Press Release for The Potbelly Syndrome
For immediate release
A new book argues against the conventional idea that people develop potbellies because they eat too much or don't exercise enough. Instead, it suggests that potbellies and type 2 diabetes are caused by chronic infections. The infections produce inflammation, and the inflammation triggers the release of a stress hormone called cortisol.
In The Potbelly Syndrome: How Common Germs Cause Obesity, Diabetes, and Heart Disease (Basic Health Publications, U.S. $17.95⁄Canada $23.95), Russell Farris and Per Mårin, M.D., Ph.D., explain that inflammation is a form of stress, and the stress from inflammations combines with ordinary stress to raise our cortisol levels. The extra cortisol produces chronic subtle hypercortisolism, or, as the authors prefer to call it, potbelly syndrome (PBS). The main features of PBS are insulin resistance, central obesity, high blood pressure, and type 2 diabetes.
Heart disease is caused by some of the same germs that cause PBS--that's why PBS and heart disease are often, but not always, found together. The authors describe several germs that are linked to both PBS and heart disease, including cytomegalovirus, Chlamydophila pneumoniae, and Helicobacter pylori. These are very common germs, and most adults are infected with at least two of them. The authors also explain:
- how stress and infections lead to insulin resistance
- how insulin resistance makes us feel tired and achy (dysphoric) while it is making us gain weight
- how stress sometimes ruins your appetite, but more often stimulates it
People with PBS are usually told to eat less, but dieting almost never works because our weight is controlled by hormones, not willpower. The authors acknowledge that some foods are better for us than others--but no change in the kind or amount of food we eat will ever eradicate the germs that cause potbelly syndrome and heart disease. Similarly, while exercise is good for us, it cannot eliminate chronic infections. To have healthy hearts and flat stomachs, we need to do three difficult things:
1. Reduce our exposure to stress (Chapter 18)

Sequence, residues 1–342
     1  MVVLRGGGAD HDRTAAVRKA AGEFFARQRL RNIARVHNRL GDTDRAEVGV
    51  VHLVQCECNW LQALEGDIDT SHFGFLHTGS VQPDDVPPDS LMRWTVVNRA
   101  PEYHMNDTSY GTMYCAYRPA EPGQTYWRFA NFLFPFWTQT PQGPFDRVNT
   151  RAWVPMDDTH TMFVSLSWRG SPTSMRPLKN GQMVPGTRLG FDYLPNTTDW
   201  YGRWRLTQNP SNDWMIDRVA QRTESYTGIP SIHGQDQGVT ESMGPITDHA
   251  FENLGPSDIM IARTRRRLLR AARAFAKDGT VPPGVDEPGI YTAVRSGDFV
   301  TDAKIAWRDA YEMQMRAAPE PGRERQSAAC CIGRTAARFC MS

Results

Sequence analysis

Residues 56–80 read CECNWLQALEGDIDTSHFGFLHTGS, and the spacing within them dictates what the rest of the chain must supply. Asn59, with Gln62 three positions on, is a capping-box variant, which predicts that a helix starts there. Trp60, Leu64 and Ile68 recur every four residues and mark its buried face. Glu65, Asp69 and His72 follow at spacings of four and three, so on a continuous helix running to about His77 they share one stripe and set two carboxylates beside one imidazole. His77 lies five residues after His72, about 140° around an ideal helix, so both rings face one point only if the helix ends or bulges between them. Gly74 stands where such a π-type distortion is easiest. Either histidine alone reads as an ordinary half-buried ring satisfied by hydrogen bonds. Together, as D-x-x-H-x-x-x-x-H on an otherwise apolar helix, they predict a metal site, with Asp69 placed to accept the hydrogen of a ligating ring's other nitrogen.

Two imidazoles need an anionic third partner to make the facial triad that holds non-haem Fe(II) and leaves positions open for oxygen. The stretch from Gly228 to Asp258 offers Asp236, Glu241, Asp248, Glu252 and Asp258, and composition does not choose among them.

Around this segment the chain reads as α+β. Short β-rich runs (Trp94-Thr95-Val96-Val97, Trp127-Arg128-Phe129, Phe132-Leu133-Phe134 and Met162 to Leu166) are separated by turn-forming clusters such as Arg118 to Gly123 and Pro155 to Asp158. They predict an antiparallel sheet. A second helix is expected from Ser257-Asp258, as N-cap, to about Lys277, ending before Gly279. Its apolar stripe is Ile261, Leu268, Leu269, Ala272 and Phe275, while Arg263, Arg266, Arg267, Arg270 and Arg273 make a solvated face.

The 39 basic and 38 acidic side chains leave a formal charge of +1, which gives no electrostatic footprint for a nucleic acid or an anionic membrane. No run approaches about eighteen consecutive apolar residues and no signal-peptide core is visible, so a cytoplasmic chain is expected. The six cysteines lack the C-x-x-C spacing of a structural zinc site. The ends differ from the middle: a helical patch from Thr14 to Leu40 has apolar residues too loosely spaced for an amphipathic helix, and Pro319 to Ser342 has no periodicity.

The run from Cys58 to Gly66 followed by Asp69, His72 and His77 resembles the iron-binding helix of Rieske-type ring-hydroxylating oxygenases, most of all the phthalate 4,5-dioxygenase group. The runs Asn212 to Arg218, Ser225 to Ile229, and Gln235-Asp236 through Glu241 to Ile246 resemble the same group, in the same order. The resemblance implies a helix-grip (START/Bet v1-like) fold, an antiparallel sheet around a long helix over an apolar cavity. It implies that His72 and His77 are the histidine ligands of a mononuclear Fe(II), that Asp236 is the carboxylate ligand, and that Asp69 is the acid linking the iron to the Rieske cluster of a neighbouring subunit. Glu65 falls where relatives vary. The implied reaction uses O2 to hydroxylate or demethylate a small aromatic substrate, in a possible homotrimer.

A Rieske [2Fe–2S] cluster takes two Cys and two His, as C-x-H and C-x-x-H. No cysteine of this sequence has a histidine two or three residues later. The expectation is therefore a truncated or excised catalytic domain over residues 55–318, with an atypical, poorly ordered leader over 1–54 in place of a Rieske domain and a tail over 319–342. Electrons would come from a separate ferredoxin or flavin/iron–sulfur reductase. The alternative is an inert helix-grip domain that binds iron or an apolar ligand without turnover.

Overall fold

2. Increase our resistance to stress (Chapter 19)
3. Eradicate our chronic infections (Chapter 20)
The authors of The Potbelly Syndrome say that we can reduce our stress levels by ourselves, but we will need help from some pretty sharp doctors to eradicate the infections that cause obesity, diabetes, and heart disease.
About the authors:
Russell Farris is a retired artificial-intelligence researcher who spent most of his life solving problems for the U.S. Navy. After suffering a heart attack in 1998, he began to apply his problem-solving skills to the study of heart disease and related illnesses.
Per Mårin, M.D., Ph.D., is a distinguished scientist, physician, and clinical teacher from Sweden. He has been writing about obesity since 1985, and many of his eighty-two publications deal with the effects of cortisol on weight and health.
The Potbelly Syndrome: How Common Germs Cause Obesity, Diabetes, and Heart Disease
By Russell Farris and Per Mårin, M.D., Ph.D.
Basic Health Publications
Price: U.S. $17.95⁄Canada $23.95
Publication: January 2006
The ideas presented in The Potbelly Syndrome are described above and at the website, www.potbellysyndrome.com, but here is some information about the book itself:
- More than two dozen drawings are used to illustrate new ideas.
- The book is available in libraries and bookstores, and from hundreds of online booksellers.
- There are 224 references. The references are placed at the ends of the chapters for the convenience of doctors and researchers.
- The book is a trade paperback (6" X 9") with 256 pages.
- The publisher is:
Basic Health Publications, Inc.
28812 Top of the World Drive
Laguna Beach, CA 92651
- Target audience. The Potbelly Syndrome was written for three groups of readers:
- Those of us who ate our vegetables, watched our weight, exercised, did everything we were supposed to do, and still gained weight, or became diabetic, or had a heart attack.
- People who are healthy and want to stay that way.
- Doctors who suspect that there are serious gaps and flaws in the lipid hypothesis.
Readability. The Potbelly Syndrome contains more new information than most health books, so there is no way to make it as simple as a diet or exercise book, where the concepts are familiar to every reader. Still, the book is pretty easy to read. There is a light sprinkling of humor and irony.
Contents. Here is the table of contents for The Potbelly Syndrome:
- Foreword by Richard P. Huemer, M.D.
- Chapter 1. Germs and Potbellies
- Chapter 2. Stress, Infections, and Cortisol
- Chapter 3. Germs That Cause Chronic Illnesses
- Chapter 4. How Germs Cause Atherosclerosis
- Chapter 5. Cholesterol Is Good for You
- Chapter 6. Hypertension Is Not All Bad
- Chapter 7. The Stages of Potbelly Syndrome
- Chapter 8. Infections and Insulin Resistance
- Chapter 9. How Stress Affects Fat Storage
- Chapter 10. How Stress Affects Appetite
- Chapter 11. Cortisol, Infections, and Potbellies
- Chapter 12. Why Dieting Almost Never Works
- Chapter 13. Type 2 Diabetes
- Chapter 14. Cushing's Syndrome
- Chapter 15. Cortisol Production, Regulation, and Measurement
- Chapter 16. Diagnosing Chronic Subtle Hypercortisolism
- Chapter 17. Taking Charge of Your Own Health
- Chapter 18. Avoiding Stressors
- Chapter 19. Building Stress Resistance
- Chapter 20. Reversing Infection-Cortisol (IC) Loops
- About the Authors
There is more information at:www⁄⁄potbellysyndrome.com.